Party outsiders like Warren and Bloomberg ended their campaigns on their own terms.
After the South Carolina primary on Feb. 28, the Democratic primary, which had been so constant since Iowa, changed. It started with Pete Buttigieg dropping out of the race on Sunday. Then Amy Klobuchar did the same thing on Monday. Finally, Klobuchar, Buttigieg and Beto O’Rourke all endorsed Joe Biden on the eve of Super Tuesday.
These endorsements and dropouts are a visible version of the political science book “The Party Decides,” which argues that political party insiders and leadership use endorsements to signal which candidates that the party establishment picks should be elected for the job. This time, the Democratic Party isn’t even subtle about it. The candidates dropped out within days of Super Tuesday, the biggest primary day of the cycle, and all endorsed Biden on the same day. If there was any assumption that this was the candidates’ choice and they obviously did it of their own free will, the timing of it was after Biden proved he could win somewhere (South Carolina). This means that one moderate Democrat finally proved they had staying power over the other two, and the establishment finally made a decision to have the rest of the candidates coalesce around one. By pushing all of the moderate candidates out in favor of the one who had had the best showing so far (and was winning the endorsement race), the party decided that they wanted Biden — and the voters got in line.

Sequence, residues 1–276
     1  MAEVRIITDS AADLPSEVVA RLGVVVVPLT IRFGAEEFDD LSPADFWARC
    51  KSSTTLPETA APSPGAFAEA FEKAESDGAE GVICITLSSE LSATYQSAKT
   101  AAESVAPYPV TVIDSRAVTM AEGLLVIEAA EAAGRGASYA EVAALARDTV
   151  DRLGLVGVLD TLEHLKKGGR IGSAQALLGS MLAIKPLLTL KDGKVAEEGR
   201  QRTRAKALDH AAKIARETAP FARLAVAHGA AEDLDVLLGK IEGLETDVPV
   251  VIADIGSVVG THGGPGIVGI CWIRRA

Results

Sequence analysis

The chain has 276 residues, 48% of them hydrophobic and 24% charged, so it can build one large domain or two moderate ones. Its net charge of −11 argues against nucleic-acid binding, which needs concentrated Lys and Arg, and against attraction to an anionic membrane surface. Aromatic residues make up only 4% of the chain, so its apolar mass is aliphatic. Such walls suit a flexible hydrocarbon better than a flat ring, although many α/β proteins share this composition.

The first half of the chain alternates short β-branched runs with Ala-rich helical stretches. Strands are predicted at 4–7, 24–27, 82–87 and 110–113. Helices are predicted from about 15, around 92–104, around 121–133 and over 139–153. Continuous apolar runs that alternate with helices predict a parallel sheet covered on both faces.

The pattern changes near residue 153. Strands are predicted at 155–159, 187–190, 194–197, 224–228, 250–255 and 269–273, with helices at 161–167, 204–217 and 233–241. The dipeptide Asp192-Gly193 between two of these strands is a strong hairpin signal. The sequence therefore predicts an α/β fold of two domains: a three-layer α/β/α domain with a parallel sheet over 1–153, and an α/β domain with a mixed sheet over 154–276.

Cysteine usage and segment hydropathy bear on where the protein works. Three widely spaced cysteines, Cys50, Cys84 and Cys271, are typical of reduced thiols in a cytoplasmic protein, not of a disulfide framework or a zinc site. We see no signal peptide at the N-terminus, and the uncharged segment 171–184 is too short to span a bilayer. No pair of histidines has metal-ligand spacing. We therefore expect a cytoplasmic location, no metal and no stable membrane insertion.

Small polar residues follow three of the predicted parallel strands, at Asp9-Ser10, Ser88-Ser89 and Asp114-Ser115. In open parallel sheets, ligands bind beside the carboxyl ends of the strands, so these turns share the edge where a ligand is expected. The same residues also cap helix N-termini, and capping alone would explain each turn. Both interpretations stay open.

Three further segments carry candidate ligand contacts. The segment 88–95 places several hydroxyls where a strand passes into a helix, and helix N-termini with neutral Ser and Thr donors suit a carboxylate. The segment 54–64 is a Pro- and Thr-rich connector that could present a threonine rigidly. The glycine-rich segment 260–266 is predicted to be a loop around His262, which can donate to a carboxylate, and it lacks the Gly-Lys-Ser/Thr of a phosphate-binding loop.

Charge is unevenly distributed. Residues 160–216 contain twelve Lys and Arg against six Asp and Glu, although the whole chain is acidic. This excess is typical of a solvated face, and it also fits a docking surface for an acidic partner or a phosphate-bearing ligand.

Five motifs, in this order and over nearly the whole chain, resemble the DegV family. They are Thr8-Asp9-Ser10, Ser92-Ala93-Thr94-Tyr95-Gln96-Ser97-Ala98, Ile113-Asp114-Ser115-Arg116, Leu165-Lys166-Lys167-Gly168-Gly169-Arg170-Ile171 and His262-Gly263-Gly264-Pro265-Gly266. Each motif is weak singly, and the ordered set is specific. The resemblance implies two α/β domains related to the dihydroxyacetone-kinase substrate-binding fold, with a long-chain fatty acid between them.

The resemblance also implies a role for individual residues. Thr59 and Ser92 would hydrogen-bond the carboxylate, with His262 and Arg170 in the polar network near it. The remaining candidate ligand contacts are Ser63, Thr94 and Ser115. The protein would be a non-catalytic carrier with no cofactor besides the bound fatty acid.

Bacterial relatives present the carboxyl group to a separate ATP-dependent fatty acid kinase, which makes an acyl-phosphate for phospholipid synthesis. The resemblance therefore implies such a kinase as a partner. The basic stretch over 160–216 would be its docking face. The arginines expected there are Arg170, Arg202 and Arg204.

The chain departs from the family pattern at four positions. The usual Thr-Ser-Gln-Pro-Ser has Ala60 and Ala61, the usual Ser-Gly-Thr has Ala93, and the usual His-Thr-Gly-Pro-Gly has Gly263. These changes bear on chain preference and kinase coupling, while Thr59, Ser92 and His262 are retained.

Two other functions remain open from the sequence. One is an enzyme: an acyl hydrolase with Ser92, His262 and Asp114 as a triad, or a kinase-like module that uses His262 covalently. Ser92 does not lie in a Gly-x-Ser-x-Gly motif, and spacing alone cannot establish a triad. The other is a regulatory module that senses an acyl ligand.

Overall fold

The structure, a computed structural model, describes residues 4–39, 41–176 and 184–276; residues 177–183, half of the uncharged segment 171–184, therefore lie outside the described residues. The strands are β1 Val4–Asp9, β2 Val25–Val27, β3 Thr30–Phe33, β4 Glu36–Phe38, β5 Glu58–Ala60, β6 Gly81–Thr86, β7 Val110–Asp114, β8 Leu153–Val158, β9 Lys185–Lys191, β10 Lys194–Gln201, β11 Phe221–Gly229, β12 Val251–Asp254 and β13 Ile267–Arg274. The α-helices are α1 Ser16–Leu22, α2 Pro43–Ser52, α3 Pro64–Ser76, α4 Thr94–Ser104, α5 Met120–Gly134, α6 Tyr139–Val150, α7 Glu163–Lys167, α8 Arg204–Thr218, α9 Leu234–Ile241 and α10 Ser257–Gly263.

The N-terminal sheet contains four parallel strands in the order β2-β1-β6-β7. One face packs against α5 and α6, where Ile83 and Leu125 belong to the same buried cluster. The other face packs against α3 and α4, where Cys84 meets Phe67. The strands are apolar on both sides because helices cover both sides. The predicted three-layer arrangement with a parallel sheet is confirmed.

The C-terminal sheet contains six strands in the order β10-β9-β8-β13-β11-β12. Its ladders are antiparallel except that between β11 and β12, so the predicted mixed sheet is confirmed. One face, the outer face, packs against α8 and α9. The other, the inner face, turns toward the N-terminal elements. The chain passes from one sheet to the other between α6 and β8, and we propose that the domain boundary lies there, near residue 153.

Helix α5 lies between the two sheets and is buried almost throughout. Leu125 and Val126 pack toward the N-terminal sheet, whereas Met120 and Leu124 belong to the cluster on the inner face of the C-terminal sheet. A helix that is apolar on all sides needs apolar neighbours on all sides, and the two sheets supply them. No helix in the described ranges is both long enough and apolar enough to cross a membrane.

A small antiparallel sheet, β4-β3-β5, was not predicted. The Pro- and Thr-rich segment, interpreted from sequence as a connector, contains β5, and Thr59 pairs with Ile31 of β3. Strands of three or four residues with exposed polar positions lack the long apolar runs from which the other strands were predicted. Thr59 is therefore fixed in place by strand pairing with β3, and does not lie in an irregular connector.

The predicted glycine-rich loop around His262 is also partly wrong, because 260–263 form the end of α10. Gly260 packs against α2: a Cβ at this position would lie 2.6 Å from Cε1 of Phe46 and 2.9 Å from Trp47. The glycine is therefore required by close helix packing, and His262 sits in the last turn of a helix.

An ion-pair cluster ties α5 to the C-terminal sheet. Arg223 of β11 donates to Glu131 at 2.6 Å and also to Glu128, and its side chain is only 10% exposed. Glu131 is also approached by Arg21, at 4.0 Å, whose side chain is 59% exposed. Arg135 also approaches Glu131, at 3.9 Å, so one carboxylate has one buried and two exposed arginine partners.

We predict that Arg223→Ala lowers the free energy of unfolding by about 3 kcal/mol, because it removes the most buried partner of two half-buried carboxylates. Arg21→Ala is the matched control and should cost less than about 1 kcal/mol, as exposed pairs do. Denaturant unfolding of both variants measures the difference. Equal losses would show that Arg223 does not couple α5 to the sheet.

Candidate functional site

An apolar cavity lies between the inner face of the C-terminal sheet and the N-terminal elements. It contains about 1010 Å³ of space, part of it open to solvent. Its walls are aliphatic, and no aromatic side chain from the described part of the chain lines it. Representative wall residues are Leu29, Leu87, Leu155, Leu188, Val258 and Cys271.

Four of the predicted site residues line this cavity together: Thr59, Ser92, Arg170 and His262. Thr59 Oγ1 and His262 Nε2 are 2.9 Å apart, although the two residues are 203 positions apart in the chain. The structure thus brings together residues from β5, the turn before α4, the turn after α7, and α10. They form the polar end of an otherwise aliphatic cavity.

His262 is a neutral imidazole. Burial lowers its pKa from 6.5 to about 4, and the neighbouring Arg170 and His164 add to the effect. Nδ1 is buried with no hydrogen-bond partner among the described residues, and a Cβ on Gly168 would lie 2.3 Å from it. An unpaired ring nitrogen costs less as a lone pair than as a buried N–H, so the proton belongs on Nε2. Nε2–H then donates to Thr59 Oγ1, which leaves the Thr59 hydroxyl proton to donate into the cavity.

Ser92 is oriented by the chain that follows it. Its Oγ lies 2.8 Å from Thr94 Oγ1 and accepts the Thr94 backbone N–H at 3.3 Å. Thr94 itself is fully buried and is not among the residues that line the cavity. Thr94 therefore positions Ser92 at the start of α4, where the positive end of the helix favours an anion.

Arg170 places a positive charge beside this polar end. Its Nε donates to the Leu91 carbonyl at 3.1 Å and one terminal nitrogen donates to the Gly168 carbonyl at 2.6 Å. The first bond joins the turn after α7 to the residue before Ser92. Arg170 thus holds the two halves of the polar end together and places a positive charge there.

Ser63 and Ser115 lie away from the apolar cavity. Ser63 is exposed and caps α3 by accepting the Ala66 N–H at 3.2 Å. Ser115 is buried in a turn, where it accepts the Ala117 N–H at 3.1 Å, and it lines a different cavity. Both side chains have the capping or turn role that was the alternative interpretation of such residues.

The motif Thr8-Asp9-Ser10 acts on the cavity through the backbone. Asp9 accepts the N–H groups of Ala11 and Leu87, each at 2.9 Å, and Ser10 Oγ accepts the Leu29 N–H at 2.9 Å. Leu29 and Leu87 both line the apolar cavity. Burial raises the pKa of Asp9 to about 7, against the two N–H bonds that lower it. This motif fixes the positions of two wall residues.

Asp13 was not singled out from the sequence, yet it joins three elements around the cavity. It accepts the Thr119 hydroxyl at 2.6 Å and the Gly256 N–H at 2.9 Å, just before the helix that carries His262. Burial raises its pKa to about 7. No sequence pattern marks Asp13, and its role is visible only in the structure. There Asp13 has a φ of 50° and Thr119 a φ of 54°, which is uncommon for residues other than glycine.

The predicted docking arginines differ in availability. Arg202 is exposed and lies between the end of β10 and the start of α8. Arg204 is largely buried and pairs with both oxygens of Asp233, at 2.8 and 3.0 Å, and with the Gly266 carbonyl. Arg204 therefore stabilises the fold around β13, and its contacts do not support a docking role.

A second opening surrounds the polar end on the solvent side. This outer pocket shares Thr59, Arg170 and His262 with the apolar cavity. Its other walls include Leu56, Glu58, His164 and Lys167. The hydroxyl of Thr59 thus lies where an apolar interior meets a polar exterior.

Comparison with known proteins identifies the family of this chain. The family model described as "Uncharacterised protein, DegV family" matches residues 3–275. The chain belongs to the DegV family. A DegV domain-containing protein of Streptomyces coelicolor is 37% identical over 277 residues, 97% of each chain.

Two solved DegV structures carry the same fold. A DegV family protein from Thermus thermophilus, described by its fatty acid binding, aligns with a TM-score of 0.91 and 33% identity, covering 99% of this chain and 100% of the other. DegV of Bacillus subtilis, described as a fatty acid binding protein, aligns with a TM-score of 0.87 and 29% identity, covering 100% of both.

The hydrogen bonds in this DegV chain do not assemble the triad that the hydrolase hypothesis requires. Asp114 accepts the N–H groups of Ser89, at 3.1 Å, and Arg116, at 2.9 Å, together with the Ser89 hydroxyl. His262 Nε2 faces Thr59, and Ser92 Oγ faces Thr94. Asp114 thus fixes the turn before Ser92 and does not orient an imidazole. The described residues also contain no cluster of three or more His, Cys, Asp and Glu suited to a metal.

This visible signaling was most apparent in Minnesota. Before dropping out, Amy Klobuchar looked like she had the race in her home state on lock. She was leading in polls and had the advantage of being the homestate candidate. Bernie Sanders was next in the race, trailing by a lot. Then, Klobuchar dropped out. Logically Bernie would be most likely to win since he was doing best in the race after Klobuchar, right?
Biden snagged the win after Klobuchar endorsed him. This upset makes sense if voters paid attention to Klobuchar’s endorsement and threw their support behind the candidate she supported.
After the duo of dropouts, it became clear to most people that the race was going to be a duel between Bernie and Biden, with Bloomberg and Warren positioned as the spoiler candidates on the center and the left respectively. However, unlike Buttigieg and Klobuchar, Bloomberg and Warren were not establishment Democrats. They had no stake in a second race and had no party leaders strong arming them to get out, so they didn’t until after Super Tuesday. The party decided for Buttigieg and Klobuchar, but Bloomberg and Warren left on their own terms.
The race looks completely different after Super Tuesday, which most people expected. However, few people expected the Democratic Party to pull in favors and strongarm candidates to drop out in favor of supporting the standard bearer in hopes of avoiding a 2016 Republican repeat. The party has played their cards, and Bernie supporters now have more reasons to claim the system is rigged against their candidate, further alienating general election voters. The Democratic Party made a large, public stand. Was it the right decision? Everyone will know before November is up.